Medical education is a constant need, but how it’s delivered is always changing. When my grandfather was a surgeon, medical trainees brought their dusty textbooks and print journals to “fireside chats” at an attending’s home. Today, we have online journals, tablets and smartphones, podcasts, and “virtual” discussions on social media platforms. Although the technologies evolve, the need to discuss present and past literature remains constant.
These discussions often taken place nowadays through journal clubs. Medical residents across the continent routinely get together in formal or informal settings to discuss journal articles, not only to acquire the knowledge contained in the articles themselves, but also to learn how to properly read, critique, and digest the information.
JBJS provides medical education across multiple platforms, several of which I participate in. I strongly encourage residency programs to submit an application for the 2019-2020 JBJS Robert Bucholz Resident Journal Club Grant Program before the deadline of September 30, 2019. The grant allows medical educators to support their journal clubs in many ways:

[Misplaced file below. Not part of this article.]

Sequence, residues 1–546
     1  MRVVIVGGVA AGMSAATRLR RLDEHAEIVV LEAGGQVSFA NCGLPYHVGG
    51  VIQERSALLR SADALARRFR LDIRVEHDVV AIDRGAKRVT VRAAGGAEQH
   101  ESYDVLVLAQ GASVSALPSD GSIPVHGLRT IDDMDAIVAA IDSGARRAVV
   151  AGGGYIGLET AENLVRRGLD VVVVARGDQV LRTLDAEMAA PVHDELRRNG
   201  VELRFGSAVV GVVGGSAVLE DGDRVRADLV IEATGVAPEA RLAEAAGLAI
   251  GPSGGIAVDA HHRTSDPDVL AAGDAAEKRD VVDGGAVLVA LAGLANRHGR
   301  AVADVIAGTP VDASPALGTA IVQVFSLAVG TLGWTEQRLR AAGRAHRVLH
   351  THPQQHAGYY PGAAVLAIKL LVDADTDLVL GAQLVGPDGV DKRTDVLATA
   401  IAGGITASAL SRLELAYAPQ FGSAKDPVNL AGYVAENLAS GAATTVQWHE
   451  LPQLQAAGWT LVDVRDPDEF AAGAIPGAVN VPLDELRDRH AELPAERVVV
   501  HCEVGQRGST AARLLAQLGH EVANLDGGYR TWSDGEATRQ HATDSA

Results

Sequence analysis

- Investigating new and innovative alternatives to the traditional journal club.
- Bringing an author to your institution to discuss his or her articles.
- Hosting a virtual journal club with multiple authors via teleconference or social media.
- Purchasing food and refreshments within the “old school” method of a fireside chat at an attending’s home.
No matter the platform or methodology, journal clubs are a vital part of orthopaedic education, not only for interpreting literature, but also for incorporating knowledge into future clinical practice and for the joy and excitement of lifelong learning.
Matthew R. Schmitz, MD, FAOA is an orthopaedic surgeon specializing in adolescent sports and young adult hip preservation at the San Antonio Military Medical Center in San Antonio, TX. He is also a member of the JBJS Social Media Advisory Board.